Fiscal policy

What’s Driving Growth in Spending on Means-Tested Programs

Last week, the Congressional Budget Office released an interesting infographic depicting the growth since 1972 in spending on federal means-tested programs and tax credits, such as Medicaid, the Earned Income Tax Credit (EITC), and the Supplemental Nutrition Assistance Program (SNAP, formerly known as the Food Stamp program).

The expansion of such programs has been staggering: even adjusted for inflation, the CBO’s figures show that these programs have increased by over tenfold, from $55 billion in 1972 to $588 billion in 2012.

Knowing that spending has ballooned is one thing; understanding why this has happened is another. This infographic from the CBO provides a useful framework for understanding exactly why spending on these programs has increased in the last two decades. It highlights an important distinction between two driving forces behind the spending growth: an increase in the number of participants in each program vs. an increase in average spending per participant.

Two Factors Behind Spending Growth

The first driver of spending growth is easy to understand: if more people enroll in these programs, total spending will increase. One reason why enrollment has risen in the last three decades is that many of these programs were created or have expanded eligibility since 1972. But other programs, such as SNAP or the Temporary Assistance for Needy Families (TANF), have seen higher enrollment during times of recession, when job loss and other economic hardship have pushed more Americans into eligibility for such assistance. Lastly, sheer population growth and immigration also boosts the overall participation rate in these programs.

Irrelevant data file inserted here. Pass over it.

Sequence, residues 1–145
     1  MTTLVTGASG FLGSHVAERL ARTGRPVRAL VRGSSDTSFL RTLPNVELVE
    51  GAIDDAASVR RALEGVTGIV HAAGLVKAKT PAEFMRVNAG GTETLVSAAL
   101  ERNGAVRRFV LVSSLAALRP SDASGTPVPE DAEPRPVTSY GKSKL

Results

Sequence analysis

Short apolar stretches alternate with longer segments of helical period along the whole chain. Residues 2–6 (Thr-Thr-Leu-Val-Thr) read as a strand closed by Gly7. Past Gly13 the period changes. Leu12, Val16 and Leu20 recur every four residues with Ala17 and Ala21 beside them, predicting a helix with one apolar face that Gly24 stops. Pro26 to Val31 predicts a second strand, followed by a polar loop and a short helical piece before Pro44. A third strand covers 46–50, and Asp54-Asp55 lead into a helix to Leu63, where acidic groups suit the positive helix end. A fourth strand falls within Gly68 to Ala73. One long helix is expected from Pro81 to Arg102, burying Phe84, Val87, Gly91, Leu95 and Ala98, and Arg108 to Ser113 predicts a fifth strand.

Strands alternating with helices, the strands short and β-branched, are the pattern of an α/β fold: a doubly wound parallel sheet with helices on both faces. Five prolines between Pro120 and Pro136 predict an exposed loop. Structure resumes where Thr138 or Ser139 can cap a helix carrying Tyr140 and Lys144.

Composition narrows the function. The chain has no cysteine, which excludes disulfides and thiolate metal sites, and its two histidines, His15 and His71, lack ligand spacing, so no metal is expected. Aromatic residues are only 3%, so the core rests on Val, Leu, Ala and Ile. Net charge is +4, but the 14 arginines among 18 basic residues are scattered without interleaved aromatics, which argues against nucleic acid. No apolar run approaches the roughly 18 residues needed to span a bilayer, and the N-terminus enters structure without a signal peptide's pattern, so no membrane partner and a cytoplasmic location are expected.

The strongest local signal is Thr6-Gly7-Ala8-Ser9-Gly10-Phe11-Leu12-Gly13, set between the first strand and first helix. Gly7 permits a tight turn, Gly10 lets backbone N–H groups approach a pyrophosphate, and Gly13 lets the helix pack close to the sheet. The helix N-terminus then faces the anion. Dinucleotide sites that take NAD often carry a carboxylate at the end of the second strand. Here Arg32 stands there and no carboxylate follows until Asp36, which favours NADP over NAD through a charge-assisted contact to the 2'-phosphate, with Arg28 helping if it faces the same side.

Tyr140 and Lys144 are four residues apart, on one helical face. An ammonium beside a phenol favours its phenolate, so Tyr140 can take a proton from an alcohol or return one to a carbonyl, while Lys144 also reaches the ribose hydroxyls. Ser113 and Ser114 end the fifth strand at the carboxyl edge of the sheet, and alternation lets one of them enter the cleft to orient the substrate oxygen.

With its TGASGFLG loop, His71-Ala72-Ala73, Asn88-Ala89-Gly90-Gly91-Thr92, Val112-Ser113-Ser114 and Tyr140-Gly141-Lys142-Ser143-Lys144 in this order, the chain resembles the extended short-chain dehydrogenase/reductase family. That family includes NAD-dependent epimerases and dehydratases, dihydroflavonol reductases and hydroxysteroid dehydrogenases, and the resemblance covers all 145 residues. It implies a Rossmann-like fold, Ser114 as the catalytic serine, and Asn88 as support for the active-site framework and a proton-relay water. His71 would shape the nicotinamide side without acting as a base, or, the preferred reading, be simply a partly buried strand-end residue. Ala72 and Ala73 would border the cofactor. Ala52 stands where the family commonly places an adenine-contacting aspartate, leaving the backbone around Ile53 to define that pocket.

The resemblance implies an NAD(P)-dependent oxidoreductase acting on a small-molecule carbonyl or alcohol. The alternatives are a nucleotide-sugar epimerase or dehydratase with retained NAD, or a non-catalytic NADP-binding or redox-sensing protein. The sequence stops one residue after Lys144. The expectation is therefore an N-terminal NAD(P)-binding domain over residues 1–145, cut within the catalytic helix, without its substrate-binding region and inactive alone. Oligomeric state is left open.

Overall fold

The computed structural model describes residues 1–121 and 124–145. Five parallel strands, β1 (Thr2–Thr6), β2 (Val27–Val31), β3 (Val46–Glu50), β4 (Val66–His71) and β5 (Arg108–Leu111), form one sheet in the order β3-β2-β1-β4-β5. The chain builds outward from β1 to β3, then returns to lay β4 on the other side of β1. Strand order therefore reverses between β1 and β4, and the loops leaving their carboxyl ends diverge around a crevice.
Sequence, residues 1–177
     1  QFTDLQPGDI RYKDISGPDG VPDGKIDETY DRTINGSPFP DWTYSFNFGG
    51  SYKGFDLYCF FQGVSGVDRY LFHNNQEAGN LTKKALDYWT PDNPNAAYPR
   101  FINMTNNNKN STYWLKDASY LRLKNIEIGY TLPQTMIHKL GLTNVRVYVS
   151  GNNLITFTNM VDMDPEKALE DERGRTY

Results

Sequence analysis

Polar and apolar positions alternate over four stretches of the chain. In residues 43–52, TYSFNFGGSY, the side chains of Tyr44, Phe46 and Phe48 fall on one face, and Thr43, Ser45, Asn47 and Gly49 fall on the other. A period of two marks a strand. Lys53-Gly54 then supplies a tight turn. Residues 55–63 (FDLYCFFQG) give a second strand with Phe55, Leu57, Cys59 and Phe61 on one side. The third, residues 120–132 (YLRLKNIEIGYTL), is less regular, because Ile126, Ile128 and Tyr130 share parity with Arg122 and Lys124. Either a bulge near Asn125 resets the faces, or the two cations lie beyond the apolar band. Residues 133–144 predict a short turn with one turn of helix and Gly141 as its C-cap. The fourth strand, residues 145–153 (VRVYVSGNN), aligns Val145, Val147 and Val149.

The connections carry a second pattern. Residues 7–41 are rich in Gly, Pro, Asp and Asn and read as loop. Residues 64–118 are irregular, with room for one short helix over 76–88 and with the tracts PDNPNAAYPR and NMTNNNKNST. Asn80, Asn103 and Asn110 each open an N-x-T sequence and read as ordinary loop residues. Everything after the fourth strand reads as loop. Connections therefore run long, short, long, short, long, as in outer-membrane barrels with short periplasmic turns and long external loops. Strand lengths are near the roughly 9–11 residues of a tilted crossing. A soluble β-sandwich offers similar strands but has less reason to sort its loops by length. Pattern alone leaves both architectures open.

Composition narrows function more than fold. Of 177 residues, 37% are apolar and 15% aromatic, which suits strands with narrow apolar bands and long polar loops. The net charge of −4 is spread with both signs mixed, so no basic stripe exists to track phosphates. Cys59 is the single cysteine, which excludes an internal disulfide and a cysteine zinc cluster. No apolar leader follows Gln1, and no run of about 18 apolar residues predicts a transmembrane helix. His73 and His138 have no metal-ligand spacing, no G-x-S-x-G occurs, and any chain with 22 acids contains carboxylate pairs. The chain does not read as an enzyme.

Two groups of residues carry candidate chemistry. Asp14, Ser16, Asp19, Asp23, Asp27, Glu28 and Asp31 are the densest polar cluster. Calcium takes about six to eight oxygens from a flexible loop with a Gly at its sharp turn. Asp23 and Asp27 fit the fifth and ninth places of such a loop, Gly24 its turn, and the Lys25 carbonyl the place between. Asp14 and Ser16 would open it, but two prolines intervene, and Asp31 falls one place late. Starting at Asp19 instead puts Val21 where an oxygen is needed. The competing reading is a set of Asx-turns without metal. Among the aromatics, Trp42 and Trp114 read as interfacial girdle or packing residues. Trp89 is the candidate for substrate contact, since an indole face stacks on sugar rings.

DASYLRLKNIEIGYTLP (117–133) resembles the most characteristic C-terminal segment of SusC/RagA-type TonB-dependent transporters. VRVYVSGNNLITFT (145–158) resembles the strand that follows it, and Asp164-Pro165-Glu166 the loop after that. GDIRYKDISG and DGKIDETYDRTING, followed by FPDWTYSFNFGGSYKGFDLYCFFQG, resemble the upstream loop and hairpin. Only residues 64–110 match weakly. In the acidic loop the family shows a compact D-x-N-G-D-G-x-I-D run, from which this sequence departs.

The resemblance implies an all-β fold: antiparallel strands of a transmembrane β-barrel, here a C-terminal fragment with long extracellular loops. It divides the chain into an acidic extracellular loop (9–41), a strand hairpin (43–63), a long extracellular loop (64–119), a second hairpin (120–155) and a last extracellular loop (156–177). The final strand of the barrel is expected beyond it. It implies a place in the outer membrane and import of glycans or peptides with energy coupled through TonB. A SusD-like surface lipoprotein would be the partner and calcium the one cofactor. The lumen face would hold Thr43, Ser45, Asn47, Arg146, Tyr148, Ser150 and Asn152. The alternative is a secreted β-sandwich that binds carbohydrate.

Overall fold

The second driver, an increase in the average amount of spending per participant, is a slightly more complicated. Some of the reasons why average spending per person has increased are relatively organic — the cost of services or housing may have pushed up the amount needed to cover each participant in these programs. However, another reason why average spending is increasing is that lawmakers have also been steadily raising the amount of benefits over the years.

Putting It Into Perspective 

The extent to which one or both of these drivers influences overall spending growth varies from program to program, which makes this framework useful in thinking about how best to cut back spending on each program.

For example, notice the difference in growth in spending between Medicaid and SNAP: the number of recipients has doubled for both since 1972, but the average spending per person in SNAP has stayed the same, while the average spending per Medicaid recipient has increased by two-thirds.

This suggests that there is more to cutting spending than, well, actively cutting spending. In the case of Medicaid, lawmakers need to address both the rising participation rate and the rising cost of services per participant. But for SNAP, this suggests that lawmakers should be focusing more on evaluating whether or not eligibility needs to be adjusted to reduce enrollment, rather than on whether or not to cut benefits. The CBO also forecasts that programs like SNAP and TANF, whose spending growth is fueled mainly by rising enrollment, may see a natural decline in spending, as the economy recovers from recession and fewer people rely on these programs.

As policymakers consider how to address the growing amount spent on means-tested programs and tax credits, knowing what factors are fueling the growth of each program can better inform decisions about which types of cuts are the most urgent and the most effective.

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